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While the Amazon forest is burning down several questions are asked with big concern for the future of our planet. With 80% of the world energy generated from fossil fuel, we thought digital could be an alternative. Is it?

The Paris Agreement on climate change committed several states to reduce their greenhouse gas emissions by the end of next decade. To achieve this goal, states were asked to review and rethink their energy consumption, which is as I stated previously, mainly generated from fossil fuels.

Digital was considered as an eco-friendly alternative by different economic and political bodies. In fact, these bodies consider digital technologies as not compatible to previously passed climate change recommendations and imperatives. 

However, the truth is, direct and indirect impact of the use of digital technologies on the environment is growing at an alarming rate.

Though there’s a global efforts to decrease greenhouse gas emissions, digital technologies energy consumption is growing at 9% per year. Today, digital technologies is responsible for 4% of greenhouse gas emissions. This is equivalent to civil aviation emissions. By 2025, this percentage is expected to reach 8%. (The Shift Project 2018)

Digital Technologies - Gas Emission

How is video traffic distributed globally?

In 2018, videos accounted for 60% of the global traffic. From this percentage, the leading niches were Video on Demand (33.5%) and Adult Videos (26.7%). 

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Porn at 27% of all videos online

According to The Shift project, adult videos hosted represented 27% of all videos online. These excludes pictures and live videos.

Porn consumptions also resulted in 5% of  all digital technologies’ greenhouse effects gas emissions in 2018.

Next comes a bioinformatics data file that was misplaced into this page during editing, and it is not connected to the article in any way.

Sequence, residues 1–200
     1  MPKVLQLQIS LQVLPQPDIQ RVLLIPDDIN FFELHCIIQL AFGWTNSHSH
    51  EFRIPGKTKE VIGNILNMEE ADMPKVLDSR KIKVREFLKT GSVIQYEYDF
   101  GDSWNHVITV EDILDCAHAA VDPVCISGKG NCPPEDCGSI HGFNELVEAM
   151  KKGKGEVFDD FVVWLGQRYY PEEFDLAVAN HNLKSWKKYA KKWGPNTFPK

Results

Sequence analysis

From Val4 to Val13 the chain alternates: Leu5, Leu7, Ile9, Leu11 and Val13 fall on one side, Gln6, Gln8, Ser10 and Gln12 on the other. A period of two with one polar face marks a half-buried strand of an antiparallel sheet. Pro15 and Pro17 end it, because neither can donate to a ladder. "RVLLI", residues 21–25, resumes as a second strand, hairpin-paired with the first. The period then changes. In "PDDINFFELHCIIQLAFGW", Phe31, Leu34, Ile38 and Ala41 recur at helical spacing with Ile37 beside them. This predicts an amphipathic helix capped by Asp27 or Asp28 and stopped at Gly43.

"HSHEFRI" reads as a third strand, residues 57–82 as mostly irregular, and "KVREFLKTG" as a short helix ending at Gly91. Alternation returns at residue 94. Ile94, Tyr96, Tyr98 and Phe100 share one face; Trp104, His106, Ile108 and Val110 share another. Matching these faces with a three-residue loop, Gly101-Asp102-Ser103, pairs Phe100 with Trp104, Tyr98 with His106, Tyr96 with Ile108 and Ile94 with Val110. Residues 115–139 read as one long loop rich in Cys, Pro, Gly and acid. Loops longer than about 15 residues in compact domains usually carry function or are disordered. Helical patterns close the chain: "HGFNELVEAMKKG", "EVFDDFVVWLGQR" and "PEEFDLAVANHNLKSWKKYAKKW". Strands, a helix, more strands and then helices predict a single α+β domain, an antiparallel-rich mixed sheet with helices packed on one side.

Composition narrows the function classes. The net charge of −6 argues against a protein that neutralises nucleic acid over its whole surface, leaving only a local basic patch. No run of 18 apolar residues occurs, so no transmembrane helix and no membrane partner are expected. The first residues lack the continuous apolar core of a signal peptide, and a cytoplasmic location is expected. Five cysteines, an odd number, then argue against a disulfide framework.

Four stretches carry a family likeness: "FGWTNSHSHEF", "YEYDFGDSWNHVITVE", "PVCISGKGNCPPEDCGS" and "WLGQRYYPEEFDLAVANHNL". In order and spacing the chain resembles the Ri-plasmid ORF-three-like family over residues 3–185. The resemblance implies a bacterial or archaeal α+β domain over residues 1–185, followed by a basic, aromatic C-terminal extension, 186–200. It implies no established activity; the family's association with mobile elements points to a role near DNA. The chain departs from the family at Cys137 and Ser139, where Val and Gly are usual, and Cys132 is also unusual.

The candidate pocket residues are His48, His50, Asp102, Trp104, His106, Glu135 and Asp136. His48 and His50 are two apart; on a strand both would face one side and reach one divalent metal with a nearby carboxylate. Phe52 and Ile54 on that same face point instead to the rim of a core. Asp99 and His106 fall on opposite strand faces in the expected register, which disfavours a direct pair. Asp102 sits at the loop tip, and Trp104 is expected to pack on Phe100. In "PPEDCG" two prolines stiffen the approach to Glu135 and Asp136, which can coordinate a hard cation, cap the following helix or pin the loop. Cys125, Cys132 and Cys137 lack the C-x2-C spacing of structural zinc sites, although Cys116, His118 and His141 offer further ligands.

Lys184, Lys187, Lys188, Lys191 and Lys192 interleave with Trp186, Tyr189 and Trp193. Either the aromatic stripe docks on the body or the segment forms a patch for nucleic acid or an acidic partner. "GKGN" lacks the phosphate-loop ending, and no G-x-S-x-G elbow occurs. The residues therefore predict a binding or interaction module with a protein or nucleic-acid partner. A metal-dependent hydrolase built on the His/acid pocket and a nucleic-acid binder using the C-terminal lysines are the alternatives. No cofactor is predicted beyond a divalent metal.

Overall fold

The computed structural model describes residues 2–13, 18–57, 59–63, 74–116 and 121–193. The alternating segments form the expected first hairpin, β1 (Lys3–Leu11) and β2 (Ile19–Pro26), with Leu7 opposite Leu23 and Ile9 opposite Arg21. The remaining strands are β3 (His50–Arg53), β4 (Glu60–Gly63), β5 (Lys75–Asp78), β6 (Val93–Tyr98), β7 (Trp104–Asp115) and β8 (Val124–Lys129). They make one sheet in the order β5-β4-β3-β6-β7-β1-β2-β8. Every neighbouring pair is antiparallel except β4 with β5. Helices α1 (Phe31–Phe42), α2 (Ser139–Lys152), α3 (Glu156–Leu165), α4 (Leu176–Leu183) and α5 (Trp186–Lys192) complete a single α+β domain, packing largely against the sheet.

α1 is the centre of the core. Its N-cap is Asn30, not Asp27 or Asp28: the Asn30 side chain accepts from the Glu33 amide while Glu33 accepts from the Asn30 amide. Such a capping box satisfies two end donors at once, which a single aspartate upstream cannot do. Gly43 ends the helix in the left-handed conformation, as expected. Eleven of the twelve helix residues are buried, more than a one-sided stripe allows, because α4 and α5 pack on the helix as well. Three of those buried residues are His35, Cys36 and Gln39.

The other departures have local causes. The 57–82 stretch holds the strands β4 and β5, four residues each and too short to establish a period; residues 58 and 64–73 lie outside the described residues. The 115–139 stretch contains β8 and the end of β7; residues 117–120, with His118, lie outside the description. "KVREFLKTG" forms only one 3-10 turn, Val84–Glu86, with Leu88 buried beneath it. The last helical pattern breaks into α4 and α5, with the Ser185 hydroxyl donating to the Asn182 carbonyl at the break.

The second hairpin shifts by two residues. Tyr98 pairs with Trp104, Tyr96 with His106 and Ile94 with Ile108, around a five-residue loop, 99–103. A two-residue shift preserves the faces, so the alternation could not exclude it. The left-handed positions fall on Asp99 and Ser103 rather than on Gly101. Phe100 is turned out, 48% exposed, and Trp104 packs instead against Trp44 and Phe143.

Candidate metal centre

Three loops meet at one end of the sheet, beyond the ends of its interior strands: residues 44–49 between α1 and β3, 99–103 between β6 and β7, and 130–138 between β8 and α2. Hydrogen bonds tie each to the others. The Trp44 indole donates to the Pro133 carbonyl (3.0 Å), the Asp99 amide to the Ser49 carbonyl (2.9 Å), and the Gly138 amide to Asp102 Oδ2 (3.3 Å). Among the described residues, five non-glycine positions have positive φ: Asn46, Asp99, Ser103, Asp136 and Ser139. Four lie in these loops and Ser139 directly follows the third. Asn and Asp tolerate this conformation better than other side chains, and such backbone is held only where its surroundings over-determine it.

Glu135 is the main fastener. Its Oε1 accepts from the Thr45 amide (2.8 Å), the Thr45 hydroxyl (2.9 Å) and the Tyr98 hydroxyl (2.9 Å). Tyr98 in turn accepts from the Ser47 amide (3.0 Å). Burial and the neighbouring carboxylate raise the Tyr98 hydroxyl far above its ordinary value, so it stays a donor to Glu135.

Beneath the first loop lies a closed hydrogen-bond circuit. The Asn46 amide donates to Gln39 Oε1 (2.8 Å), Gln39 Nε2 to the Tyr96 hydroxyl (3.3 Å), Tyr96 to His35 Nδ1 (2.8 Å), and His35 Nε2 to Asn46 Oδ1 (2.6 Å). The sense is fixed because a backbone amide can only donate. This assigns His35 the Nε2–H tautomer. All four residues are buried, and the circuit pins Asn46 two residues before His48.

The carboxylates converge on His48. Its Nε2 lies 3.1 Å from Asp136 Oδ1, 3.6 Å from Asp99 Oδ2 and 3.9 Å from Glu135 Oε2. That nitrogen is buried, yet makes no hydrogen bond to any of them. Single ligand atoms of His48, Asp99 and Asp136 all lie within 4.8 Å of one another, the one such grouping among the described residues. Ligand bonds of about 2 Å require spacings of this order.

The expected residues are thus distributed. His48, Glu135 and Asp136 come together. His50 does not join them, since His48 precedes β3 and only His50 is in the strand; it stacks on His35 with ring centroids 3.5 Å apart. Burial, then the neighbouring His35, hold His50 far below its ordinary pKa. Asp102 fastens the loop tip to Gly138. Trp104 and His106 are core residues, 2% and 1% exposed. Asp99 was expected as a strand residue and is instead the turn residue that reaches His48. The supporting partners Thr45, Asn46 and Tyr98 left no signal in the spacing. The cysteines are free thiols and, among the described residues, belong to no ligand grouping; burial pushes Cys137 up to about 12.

Videos produce the most CO2 gas

With 60% of global traffic, a 10 hours of high-definition movie is equivalent to all Wikipedia’s english articles in text format. 

While videos are widely used by digital marketers, the growing concerns of their contributions to global warming is alarming. In fact, according to a study by the Shift Project, in 2018, videos generated over 306 millions tonnes of C02, hence equaling to 20% of CO2 gas from digital technologies. 

Video on demand (VoD) represented 34% of all videos online and drive 20% of all traffic to videos. VoD also accounts for 7% of all CO2 gas emissions of digital technologies.

On the other side, Pornography videos which accounted for 27% of all videos online, drove 16% of all video traffic and emitted 5% of the CO2 gas from digital technologies. 

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What explains the growth in video consumption and its impact on the environment?

The growth of video consumptions increased over the past few years for several reasons. To name a few, the ability to share information faster, the increase in mobile and internet connectivity and a change in customers’ behaviours. 

In this blog post, I will give you two other reasons which are also outlined in the report from Shift Project.

The hook model

Briefly explained, the Hook Model is a way to make sure your audience stay loyal, engaged and active with your brand. Streamers saw in this an opportunity to increase their viewers count by: 

      1. Enjoying blurry lines when it comes to pirated streaming; and
      2. Rethinking the whole experience of video suggestions by using customers’ browsing data which includes not only videos viewed but also the search intent. 
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An increasing energy consumption path

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While the expectations of green digital is still a blurry image, we are failing to acknowledge the impact of our online consumption. Here’s the truth, nothing online comes for free. At some point, the creation of online content blends with the physical world and in doing so consumes energy. 

The Shift Project advocates for a sober digital transition where:

    1. We change our devices less often;
    2. We reduce unnecessary energy-intensive uses and
    3. We buy the least powerful equipment possible.

About the Shift Project

The Shift Project is a French think tank advocating the shift to a post-carbon economy. As a non-profit organisation committed to serving the general interest through scientific objectivity, we are dedicated to informing and influencing the debate on energy transition in Europe.

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